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Joshua Dread: The Next Great Super (hero/villain)?

November 7, 2012

We are happy to welcome our co-worker Bobbie back to the blog today with this excellent book review:

As a child, I was never much of a reader of superhero fiction. I found the genre stressful, and maybe a little too aggressive for my girlish taste. But now, as I try to read most of the books we publish, I have found that my taste has expanded. Especially if I find a book that is written well. Especially when it’s funny. Silly even. And especially when it’s original. So when I began to read the debut middle grade novel from Lee Bacon, Joshua Dread—a book that embodies all of these things—I was really excited. I was hooked from the very first lines on the very first page: “Our class got out of sixth period early the day my parents tried to flood the earth.” And the pages kept turning. 

Joshua Dread

Joshua Dread is the first in a new middle grade series about a boy of the same name, who is dealing with all the normal things that a sixth-grader deals with: making and keeping friends, avoiding bullies and dealing with his parents. Except…oh, wait, that’s right….his parents also happen to be supervillians!!! As if dealing with middle school wasn’t enough…

The story opens up with Joshua’s parents, “The Dread Duo”, attempting to flood the world (if their monetary demands are not accepted by the government). Lucky for Joshua, no one knows the true identities of his parents, only the cover story he’s told his classmates. In this opening scene, the pair has conjured a terrible and deadly storm, which is ultimately compromised by the entrance of their arch-nemisis—the narcissistic and somewhat dim-witted “Captain Justice.” The scene is action-packed, cartoonish in every good way, and a little bit comedic as it is all being told from the perspective of Joshua, the lighthearted yet embarrassed perspective of a twelve-year-old boy, who is struggling between the love he has for his parents and his desire for normalcy. 

It’s this normalcy that seems to grow further and further out of reach as the story continues, especially when you learn early on that Joshua is starting to show signs of his own superpower, which he must decide to use for good or for evil. Guess which route his parents hope he takes.

And yet, what saves this book from melodrama and makes it truly enjoyable is the balance between the action/adventure superhero quest of right versus wrong, and the genuineness that makes up the familial backbone of the story. The descriptions of Joshua’s home life are original and down-right funny. Joshua’s mom, who has the power to control plants with her mind, keeps zombies in the basement and has invented a mutant ficus (named Micus) that seems to have a grudge against Joshua. His Dad attempts to create the perfect inventions for supervillians, and often uses his superpower ability to see for incredible distances in order to gain insight into his son’s current situations at school. This of course, reminds the readers that no matter how evil Joshua’s parents are, they are at the end of the day, his parents. And they love him as any normal parents would.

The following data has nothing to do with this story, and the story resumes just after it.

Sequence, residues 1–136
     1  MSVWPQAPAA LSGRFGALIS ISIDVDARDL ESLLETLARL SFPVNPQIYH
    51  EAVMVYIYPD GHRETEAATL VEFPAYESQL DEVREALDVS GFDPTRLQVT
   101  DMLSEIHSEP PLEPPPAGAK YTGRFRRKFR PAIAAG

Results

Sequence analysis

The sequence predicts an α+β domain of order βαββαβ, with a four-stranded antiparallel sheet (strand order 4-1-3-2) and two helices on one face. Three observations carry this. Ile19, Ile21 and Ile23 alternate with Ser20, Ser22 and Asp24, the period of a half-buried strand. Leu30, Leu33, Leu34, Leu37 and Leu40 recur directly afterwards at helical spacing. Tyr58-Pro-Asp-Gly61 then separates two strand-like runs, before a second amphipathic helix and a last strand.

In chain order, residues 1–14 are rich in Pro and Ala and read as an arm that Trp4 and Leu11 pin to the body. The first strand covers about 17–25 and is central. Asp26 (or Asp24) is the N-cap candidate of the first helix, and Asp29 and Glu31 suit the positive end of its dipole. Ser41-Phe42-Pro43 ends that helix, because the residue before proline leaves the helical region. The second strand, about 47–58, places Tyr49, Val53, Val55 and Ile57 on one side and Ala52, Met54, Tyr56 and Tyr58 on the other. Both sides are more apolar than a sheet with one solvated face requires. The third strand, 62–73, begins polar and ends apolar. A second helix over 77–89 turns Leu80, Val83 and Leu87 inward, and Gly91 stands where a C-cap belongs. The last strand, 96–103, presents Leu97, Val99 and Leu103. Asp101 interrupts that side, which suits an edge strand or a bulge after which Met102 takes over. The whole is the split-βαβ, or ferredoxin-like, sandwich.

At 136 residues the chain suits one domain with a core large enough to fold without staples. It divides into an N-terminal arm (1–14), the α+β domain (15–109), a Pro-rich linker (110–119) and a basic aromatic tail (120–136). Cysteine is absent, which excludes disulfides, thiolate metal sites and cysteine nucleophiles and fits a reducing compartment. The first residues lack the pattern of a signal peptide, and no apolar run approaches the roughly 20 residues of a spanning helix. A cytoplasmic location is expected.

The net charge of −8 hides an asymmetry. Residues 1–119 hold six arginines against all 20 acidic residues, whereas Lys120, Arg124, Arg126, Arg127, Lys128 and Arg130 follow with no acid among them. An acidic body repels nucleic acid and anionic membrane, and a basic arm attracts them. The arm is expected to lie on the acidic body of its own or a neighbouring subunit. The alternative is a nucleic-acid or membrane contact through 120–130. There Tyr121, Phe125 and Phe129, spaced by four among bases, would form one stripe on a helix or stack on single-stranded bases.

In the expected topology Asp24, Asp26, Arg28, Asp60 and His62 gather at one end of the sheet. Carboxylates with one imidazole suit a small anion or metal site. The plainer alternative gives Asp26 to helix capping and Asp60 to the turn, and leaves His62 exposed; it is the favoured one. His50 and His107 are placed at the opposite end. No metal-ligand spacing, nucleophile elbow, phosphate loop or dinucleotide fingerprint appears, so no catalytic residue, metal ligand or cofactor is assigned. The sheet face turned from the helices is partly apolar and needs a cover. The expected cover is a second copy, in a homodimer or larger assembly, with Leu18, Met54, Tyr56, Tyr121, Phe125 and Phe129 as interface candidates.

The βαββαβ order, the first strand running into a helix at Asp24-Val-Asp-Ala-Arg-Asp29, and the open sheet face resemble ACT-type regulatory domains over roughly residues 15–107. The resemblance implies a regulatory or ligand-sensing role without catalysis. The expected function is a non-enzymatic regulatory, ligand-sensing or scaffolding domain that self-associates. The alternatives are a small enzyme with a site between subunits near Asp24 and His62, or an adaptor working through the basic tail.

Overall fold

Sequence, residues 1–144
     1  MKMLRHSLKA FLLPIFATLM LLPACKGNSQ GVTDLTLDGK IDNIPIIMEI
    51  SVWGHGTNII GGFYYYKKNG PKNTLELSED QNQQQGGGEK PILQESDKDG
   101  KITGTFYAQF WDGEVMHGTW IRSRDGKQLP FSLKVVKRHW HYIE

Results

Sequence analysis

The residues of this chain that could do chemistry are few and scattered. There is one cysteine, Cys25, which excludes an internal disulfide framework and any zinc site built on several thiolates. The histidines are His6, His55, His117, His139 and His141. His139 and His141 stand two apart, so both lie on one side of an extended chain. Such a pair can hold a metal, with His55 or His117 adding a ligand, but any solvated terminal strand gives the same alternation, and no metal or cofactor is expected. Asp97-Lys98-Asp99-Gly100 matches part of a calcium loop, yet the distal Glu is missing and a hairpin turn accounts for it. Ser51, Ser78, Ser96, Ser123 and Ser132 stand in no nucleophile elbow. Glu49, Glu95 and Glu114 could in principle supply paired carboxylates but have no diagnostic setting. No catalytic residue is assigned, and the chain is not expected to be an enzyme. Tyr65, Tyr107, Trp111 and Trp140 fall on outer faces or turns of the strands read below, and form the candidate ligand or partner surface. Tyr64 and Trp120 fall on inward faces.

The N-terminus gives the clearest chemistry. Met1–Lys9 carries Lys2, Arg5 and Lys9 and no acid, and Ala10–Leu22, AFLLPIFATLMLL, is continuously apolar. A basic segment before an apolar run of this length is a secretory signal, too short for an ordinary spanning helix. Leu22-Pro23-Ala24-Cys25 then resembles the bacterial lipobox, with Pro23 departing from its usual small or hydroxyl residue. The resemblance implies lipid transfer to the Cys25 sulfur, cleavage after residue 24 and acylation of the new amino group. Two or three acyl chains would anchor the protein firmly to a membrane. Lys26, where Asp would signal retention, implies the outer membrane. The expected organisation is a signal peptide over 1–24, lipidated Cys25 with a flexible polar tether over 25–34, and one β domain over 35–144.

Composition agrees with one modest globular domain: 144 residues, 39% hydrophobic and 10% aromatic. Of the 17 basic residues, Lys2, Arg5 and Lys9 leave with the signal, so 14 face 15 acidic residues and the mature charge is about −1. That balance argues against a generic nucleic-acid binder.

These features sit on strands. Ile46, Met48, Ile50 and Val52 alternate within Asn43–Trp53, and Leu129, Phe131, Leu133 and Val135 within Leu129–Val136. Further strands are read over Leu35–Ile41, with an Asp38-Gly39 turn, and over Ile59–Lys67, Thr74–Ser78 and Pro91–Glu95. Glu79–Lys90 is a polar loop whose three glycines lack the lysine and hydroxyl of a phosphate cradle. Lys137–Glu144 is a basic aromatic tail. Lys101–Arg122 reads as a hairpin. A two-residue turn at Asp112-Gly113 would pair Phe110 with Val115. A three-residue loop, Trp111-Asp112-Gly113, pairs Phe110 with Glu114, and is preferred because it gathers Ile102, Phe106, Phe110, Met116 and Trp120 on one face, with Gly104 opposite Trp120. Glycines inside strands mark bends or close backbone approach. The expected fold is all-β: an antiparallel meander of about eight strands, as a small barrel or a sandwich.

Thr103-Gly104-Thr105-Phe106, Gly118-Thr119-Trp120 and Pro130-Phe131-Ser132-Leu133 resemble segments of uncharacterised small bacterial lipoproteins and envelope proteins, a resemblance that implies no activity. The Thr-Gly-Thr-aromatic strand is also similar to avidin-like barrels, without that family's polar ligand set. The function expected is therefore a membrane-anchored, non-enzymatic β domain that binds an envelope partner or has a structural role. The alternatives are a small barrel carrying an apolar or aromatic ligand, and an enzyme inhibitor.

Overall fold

Throughout, we are introduced to Joshua’s best friend Milton—a great side-kick, though somewhat star-struck by Captain Justice. And the new girl at school, Sophie Smith, who Joshua takes an immediate interest in, especially because she seems to have a few secrets of her own. The great list of characters combine to create a fantastic first installment to a series about growing up with some very original obstacles. Will Joshua hone his powers for good or for evil? What will he do when the infamous “smoke creatures” begin to kidnap bad guys? And what we he do when his family may be their next target?

Need I say that I am totally sucked in?!

I am not the only one that sees something special in this new middle grade series. The 2012 New Voices Committee has named Joshua Dread to the ABC New Voices List for fall 2012, recognizing the title as an extraordinary debut. And Publishers Weekly said of the book: “Bacon’s deadpan narrative hums along with outrageous details, humor, and action…A hero with a double life and a colossal set of parental issues, Joshua handles zombies, killer robots, and teenage girls without losing his cool. Bacon’s affectionately playful take on the superhero genre introduces bombastic personalities without reducing the characters to caricatures.”

May I also mention that Joshua Dread was a huge hit for a group of kids at the Voracious Reader, in Larchmont, NY last month, when Lee Bacon stopped by to introduce himself and his new book to readers. After Lee read just a brief excerpt, the curiosity and excitement poured out from the crowd of 8-12 year olds. “How did Joshua’s Mom create Micus?”, the kids wanted to know. “Does Joshua have a superpower like his Mom and Dad?!” I am sure they have since found out. Perhaps they should write the next review?!

Author Lee Bacon signing a copy of Joshua Dread for early fans

Try this out for Percy Jackson and N.D. Wilson fans, Harry Potter fans, boys and girls that love comics and superheroes, boys and girls that love a funny, good read, boys and girls that deserve something extra fun for the holidays. Or better yet, try this one out for yourself. Take it from me, the girl who now loves superhero (or supervillian) stories!

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One Comment leave one →
  1. November 7, 2012 8:20 am

    This sounds like a book that will get kids (especially boys) excited about reading!

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